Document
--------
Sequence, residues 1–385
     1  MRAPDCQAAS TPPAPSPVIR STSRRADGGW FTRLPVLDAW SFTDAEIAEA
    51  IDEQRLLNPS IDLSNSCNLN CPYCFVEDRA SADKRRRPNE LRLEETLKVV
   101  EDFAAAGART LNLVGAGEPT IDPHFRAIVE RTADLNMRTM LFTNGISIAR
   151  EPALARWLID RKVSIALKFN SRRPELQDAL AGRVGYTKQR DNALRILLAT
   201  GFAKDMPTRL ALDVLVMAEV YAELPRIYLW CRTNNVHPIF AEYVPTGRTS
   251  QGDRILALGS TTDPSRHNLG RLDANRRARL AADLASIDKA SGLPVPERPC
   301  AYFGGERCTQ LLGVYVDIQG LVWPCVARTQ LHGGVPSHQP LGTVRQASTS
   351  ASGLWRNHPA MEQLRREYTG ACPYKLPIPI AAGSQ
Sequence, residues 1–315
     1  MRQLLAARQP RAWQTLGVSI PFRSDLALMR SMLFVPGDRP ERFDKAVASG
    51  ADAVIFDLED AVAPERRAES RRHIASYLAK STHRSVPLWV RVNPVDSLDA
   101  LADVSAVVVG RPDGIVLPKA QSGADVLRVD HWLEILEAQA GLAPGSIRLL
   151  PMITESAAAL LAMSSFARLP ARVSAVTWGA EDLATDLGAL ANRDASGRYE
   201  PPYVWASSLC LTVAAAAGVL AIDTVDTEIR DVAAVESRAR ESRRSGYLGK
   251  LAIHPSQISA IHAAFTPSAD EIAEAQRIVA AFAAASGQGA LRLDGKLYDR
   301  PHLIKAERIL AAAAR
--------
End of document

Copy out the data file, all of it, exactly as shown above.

Sequence, residues 1–385
     1  MRAPDCQAAS TPPAPSPVIR STSRRADGGW FTRLPVLDAW SFTDAEIAEA
    51  IDEQRLLNPS IDLSNSCNLN CPYCFVEDRA SADKRRRPNE LRLEETLKVV
   101  EDFAAAGART LNLVGAGEPT IDPHFRAIVE RTADLNMRTM LFTNGISIAR
   151  EPALARWLID RKVSIALKFN SRRPELQDAL AGRVGYTKQR DNALRILLAT
   201  GFAKDMPTRL ALDVLVMAEV YAELPRIYLW CRTNNVHPIF AEYVPTGRTS
   251  QGDRILALGS TTDPSRHNLG RLDANRRARL AADLASIDKA SGLPVPERPC
   301  AYFGGERCTQ LLGVYVDIQG LVWPCVARTQ LHGGVPSHQP LGTVRQASTS
   351  ASGLWRNHPA MEQLRREYTG ACPYKLPIPI AAGSQ
Sequence, residues 1–315
     1  MRQLLAARQP RAWQTLGVSI PFRSDLALMR SMLFVPGDRP ERFDKAVASG
    51  ADAVIFDLED AVAPERRAES RRHIASYLAK STHRSVPLWV RVNPVDSLDA
   101  LADVSAVVVG RPDGIVLPKA QSGADVLRVD HWLEILEAQA GLAPGSIRLL
   151  PMITESAAAL LAMSSFARLP ARVSAVTWGA EDLATDLGAL ANRDASGRYE
   201  PPYVWASSLC LTVAAAAGVL AIDTVDTEIR DVAAVESRAR ESRRSGYLGK
   251  LAIHPSQISA IHAAFTPSAD EIAEAQRIVA AFAAASGQGA LRLDGKLYDR
   301  PHLIKAERIL AAAAR